March has always been one of my favorite months for several reasons. Mind you, I don’t get as excited as youngsters on Christmas morning, but it’s close.
March is a transitional month, especially for those who live in the northern realms of the northern hemisphere. That’s especially true for March weather, though I don’t give much credence to the “in like a lion, out like a lamb” folklore.
March serves up a meteorological smorgasbord. Rain, sleet, snow, sunshine, and severe weather can all appear in the month’s 31 days.
The day I cherish most is the vernal equinox, which is March 20 this year. Let’s hope that the green of St. Patrick’s Day carries on over into April. I won’t hold my breath, however.
March marks the official transition from winter to spring. If the ground isn’t too soggy, planting vegetables and flower gardens commences, and farmers prepare their fields for sowing crops.
When we lived in Holmes County, Ohio, I always marveled at the hardiness of farmers, usually teenagers and young men, who braved the elements to plow and disk the fields. It may have been sunny when they left the barn, but somehow it always seemed to snow or rain when they hit the fields. Still, their teams of beautiful workhorses plodded on.
Here in Virginia’s Shenandoah Valley, it’s giant-sized tractors and the consequences of zipping in and out of fields that drivers have to watch out for on the ubiquitous narrow, winding roads. Unfortunately, the sticky, red mud is difficult to clean off of your vehicles.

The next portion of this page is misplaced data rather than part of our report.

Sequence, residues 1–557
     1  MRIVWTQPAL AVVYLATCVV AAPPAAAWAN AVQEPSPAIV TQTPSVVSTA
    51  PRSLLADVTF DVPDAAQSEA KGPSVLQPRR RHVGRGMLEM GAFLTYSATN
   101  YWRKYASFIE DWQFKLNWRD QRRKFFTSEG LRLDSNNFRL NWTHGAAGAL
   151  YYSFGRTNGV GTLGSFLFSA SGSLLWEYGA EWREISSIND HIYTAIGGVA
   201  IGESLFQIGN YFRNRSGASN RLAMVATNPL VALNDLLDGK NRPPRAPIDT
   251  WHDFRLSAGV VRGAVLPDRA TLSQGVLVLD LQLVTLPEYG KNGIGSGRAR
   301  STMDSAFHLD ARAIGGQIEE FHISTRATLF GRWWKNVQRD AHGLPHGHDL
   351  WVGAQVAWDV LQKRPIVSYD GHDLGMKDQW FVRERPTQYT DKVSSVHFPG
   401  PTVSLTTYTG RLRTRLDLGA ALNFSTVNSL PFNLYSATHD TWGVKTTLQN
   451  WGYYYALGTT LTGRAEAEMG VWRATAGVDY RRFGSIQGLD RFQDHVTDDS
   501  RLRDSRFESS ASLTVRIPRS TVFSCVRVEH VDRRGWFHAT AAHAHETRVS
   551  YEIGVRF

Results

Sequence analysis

Speaking of mud, I never knew about schools closing for mud days until I moved to Holmes County. Curiosity cured me on the first trip down a rural gravel road. When I became a township trustee, I positively hated when gravel roads turned to mush or hard surface roads disintegrated.
March usually means the end of sugaring time. By month’s end, the tempo of warm days and cold nights that encouraged the sap to flow has ended.
Birders live for spring, and March often provides the first rush of migrants returning to nest or passing through to destinations farther north. Is there anything more exciting than hearing a flock of sandhill cranes honking overhead in the twilight?
March means color returns to the deadened landscape. Green shoots of plants and flowers push through the barren soil, even if the majority are dandelions.
A walk in the woods reveals nature at work at many levels. Look down, and patches of spring beauties carpet the ground. Listen, and choirs of spring peepers fill the warm evening air. Look up, and you might find owlets staring you down, nervously jostling on a limb.
Photos of royal crocuses, buttery daffodils, and perhaps the season’s first tulips fill social media pages. It’s society’s 21st-century expression of joy and relief.
Of course, March means work. Winter’s litter of sticks and last fall’s leaves piled in corners far from their mother tree get recycled. Folks are eager to get outside and fuss about the appearance of their yards. They crank up their mowers even though snow is in the forecast.
I put out my hummingbird and oriole feeders in the hope of attracting any early arrivals. While I wait, I am more than content with waking to a competing chorus of robins and cardinals each morning.
Of course, I’m partial to March for personal reasons, especially this year. It’s our anniversary month. Welcoming March for 50 years together is singularly reason enough to celebrate the third month’s arrival.
© Bruce Stambaugh 2021